published Friday, April 15th, 2011

Catoosa judge denies abusing authority

ATLANTA—A Catoosa County judge on trial for judicial misconduct admitted that he smoked marijuana, but denied abusing his authority while on the bench.

Using marijuana is “no different than any judge speeding or any judge driving under the influence. It’s a misdemeanor,” Catoosa County Magistrate Anthony Peters told the Georgia Judicial Qualifications Commission on Thursday.

In the State Appeals Court, Peters faced the commission — a five-member panel that rules on complaints of ethical misconduct by state judges — on 13 counts of misconduct, including smoking marijuana. The JQC charged him in February, but most of the allegations are dated between 2008 and 2010.

“You’ll find he didn’t do all these allegations,” Chris Townley, Peters’ attorney, said in opening statements. “He did the ones he admitted, but he is regretful.”

The prosecution presented its case Thursday. The commission’s investigation team is led by Joe Hendricks Jr., a hired prosecutor from the Appalachian Judicial Circuit.

Hendricks grilled Peters about his ability to go back to the bench and be respected after being charged with so many violations.

“You understand it’s more than just about you; it’s about the public’s confidence in you?” Hendricks asked.

“I’m not the same person,” Peters said.

When Peters was shown a video of himself on television in 2010, joking about teenagers using drugs, the judge just shook his head.

“It’s something I’m not proud of,” Peters said, his voice choking up. “It disturbs me.”

The JQC also called several witnesses to discuss outbursts in which Peters allegedly abused his power.

Ringgold Police Chief Dan Bilbrey said that in February 2009 Peters used his position to try to get several people arrested during a confrontation at a family member’s home.

Then a Catoosa County detective, Bilbrey responded to the call. He testified that when he said he wasn’t going to arrest two boys whom Peters wanted taken into custody, Peters began yelling.

Bilbrey said Peters started to curse and said, “You’re going to arrest these [expletive].”

Peters said he didn’t threaten the boys and said he couldn’t remember if he identified himself as a judge when talking to Bilbrey.

“I’m telling the truth,” Peters argued under questioning from the commission.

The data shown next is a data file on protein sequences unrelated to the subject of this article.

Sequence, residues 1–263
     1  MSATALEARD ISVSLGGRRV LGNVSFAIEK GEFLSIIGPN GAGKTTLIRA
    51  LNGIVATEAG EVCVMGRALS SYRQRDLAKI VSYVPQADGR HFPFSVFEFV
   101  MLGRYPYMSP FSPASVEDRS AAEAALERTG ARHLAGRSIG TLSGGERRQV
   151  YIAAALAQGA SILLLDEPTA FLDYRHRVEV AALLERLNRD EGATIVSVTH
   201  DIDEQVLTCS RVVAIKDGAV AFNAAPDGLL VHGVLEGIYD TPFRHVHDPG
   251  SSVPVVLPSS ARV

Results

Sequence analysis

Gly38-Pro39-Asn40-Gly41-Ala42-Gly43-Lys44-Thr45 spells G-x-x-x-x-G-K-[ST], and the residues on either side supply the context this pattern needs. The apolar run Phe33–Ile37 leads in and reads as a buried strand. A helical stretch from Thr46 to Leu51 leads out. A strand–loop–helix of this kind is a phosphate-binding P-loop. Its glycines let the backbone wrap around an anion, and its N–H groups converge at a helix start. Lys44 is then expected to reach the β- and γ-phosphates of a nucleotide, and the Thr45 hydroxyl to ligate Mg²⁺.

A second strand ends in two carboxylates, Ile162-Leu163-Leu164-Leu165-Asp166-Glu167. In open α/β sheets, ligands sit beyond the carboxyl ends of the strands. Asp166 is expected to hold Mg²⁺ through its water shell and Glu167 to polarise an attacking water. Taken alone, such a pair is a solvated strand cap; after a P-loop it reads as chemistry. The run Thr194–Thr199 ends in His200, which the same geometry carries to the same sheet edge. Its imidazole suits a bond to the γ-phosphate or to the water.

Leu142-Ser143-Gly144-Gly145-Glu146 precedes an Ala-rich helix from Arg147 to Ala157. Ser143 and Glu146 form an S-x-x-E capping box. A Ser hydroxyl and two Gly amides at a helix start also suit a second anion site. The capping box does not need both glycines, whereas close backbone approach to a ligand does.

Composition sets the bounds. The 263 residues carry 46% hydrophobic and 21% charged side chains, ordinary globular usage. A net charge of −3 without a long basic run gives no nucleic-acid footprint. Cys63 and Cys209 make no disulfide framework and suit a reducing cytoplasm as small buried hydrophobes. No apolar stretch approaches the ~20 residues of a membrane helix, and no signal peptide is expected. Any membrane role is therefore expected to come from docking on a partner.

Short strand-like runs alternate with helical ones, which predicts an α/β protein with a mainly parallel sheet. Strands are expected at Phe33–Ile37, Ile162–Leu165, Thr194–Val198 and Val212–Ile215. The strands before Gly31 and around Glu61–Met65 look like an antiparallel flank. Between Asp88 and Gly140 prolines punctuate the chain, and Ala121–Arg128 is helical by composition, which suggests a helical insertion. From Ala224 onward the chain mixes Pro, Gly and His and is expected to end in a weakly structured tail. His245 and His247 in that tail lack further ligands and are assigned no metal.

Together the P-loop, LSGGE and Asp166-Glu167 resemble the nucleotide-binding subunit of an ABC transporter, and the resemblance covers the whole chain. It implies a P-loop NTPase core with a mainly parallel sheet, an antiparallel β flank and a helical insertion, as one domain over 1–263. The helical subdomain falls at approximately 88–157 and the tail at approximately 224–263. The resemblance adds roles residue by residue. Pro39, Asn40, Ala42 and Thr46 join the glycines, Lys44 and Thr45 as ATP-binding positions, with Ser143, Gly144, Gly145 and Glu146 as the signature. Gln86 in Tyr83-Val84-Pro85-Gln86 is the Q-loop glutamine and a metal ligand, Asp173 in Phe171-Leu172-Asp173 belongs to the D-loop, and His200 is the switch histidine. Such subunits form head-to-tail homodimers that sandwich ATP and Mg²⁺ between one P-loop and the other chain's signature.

Peters also is accused of pointing a gun to his head while in Catoosa Magistrate Vick Wells’ office and saying to the judge and others in the room, “I’m not scared, are you?”

“That never happened,” Peters testified Thursday.

Peters’ attorney, Townley, said in cross-examination that the judge’s attitude was related to strong pain medication he took to treat several injuries, including back problems. The judge also was dealing with emotional trauma after his father’s suicide in 2005, Townley said, noting that Peters found the body.


Two fellow judges and Catoosa County Sheriff Phil Summers testified they noticed a change in Peters over the last two years and he slowly became unpredictable.

Magistrate John Gass said he noticed that Peters and their boss, Chief Magistrate Donald “Sonny” Caldwell, started to argue more, sometimes loudly and in front of other employees.

“It made everyone in the office very uneasy,” Gass said.

Other court employees testified that Peters’ behavior became so unpredictable they were afraid.

“I was terrified that he was going to hurt someone,” said Beverly Walker, Catoosa magistrate clerk. “He was very angry at Judge Caldwell.”

Becky Bates, another magistrate clerk, said Peters confronted her one day and asked if she was afraid of him. He had shaved his head.

“‘Look at you, Anthony, with your head shaved and your eyebrows shaved. You look like a serial killer,’” she told him.

But under cross-examination, Walker and Bates admitted they never heard nor saw Peters threaten anyone.

Townley argued that Caldwell’s decision to run again for office triggered Peters’ animosity. Peters had assumed that Caldwell was going to retire and that he would be in line for the chief magistrate’s job.

Townley also argued that Peters was set up last year when he was handcuffed and hauled out of the Catoosa County Courthouse.

On June 26, Caldwell met with the other three magistrates and asked Gass to use a camera — hidden in a pen — to record the conversation, testimony showed Thursday.

The video, which was shown in court, shows Caldwell telling Peters he must work a special night shift from 3 to 11 p.m. Peters refuses to work it. Caldwell raises his voice and points at Peters, saying, “I’m putting you on administrative leave.”

Peters answers that Caldwell didn’t have the right to do that.

Caldwell left the room flustered and, in later testimony Thursday, witnesses said he told a clerk official to push the “panic button,” a silent alarm, to summon law enforcement.

Minutes later, local and state police arrived, handcuffed Peters and forced him to leave.

The defense case will begin today at 10 a.m.

about Joy Lukachick Smith...

Joy Lukachick Smith is the city government reporter for the Chattanooga Times Free Press. Since 2009, she's covered crime and court systems in North Georgia and rural Tennessee, landed an exclusive in-prison interview with a former cop convicted of killing his wife, exposed impropriety in an FBI-led, child-sex online sting and exposed corruption in government agencies. Earlier this year, Smith won the Malcolm Law Memorial Award for Investigative Reporting. She also won first place in ...

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Leaf said...

The "pain for back problems" thing sounds suspicious. It sounds like he might also be addicted to Oxycodone - redneck crack.

April 15, 2011 at 10:59 a.m.
littleoleme said...

Red Bankistan and East Ridge can't hold a candle to Catoosa County when it comes to shenanigans. Redneck central for sure.

April 15, 2011 at 2:52 p.m.
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